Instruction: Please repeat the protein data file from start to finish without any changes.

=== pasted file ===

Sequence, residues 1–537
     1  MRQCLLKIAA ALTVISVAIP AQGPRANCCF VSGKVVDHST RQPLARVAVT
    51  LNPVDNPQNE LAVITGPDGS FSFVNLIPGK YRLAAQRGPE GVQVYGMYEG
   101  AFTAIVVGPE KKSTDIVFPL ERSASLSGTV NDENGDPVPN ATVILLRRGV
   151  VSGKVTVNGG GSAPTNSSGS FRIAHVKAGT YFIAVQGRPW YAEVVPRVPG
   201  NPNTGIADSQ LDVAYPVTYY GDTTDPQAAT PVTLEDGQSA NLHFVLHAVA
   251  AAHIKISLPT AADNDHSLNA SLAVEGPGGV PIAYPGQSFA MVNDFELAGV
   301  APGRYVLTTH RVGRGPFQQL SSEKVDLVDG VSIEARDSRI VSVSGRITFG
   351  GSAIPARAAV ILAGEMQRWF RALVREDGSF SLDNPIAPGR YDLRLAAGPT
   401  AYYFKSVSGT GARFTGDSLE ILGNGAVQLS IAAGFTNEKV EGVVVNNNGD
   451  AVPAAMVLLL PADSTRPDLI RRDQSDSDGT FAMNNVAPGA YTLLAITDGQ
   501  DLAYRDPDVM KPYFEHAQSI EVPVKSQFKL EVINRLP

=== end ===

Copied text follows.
Sequence, residues 1–537
     1  MRQCLLKIAA ALTVISVAIP AQGPRANCCF VSGKVVDHST RQPLARVAVT
    51  LNPVDNPQNE LAVITGPDGS FSFVNLIPGK YRLAAQRGPE GVQVYGMYEG
   101  AFTAIVVGPE KKSTDIVFPL ERSASLSGTV NDENGDPVPN ATVILLRRGV
   151  VSGKVTVNGG GSAPTNSSGS FRIAHVKAGT YFIAVQGRPW YAEVVPRVPG
   201  NPNTGIADSQ LDVAYPVTYY GDTTDPQAAT PVTLEDGQSA NLHFVLHAVA
   251  AAHIKISLPT AADNDHSLNA SLAVEGPGGV PIAYPGQSFA MVNDFELAGV
   301  APGRYVLTTH RVGRGPFQQL SSEKVDLVDG VSIEARDSRI VSVSGRITFG
   351  GSAIPARAAV ILAGEMQRWF RALVREDGSF SLDNPIAPGR YDLRLAAGPT
   401  AYYFKSVSGT GARFTGDSLE ILGNGAVQLS IAAGFTNEKV EGVVVNNNGD
   451  AVPAAMVLLL PADSTRPDLI RRDQSDSDGT FAMNNVAPGA YTLLAITDGQ
   501  DLAYRDPDVM KPYFEHAQSI EVPVKSQFKL EVINRLP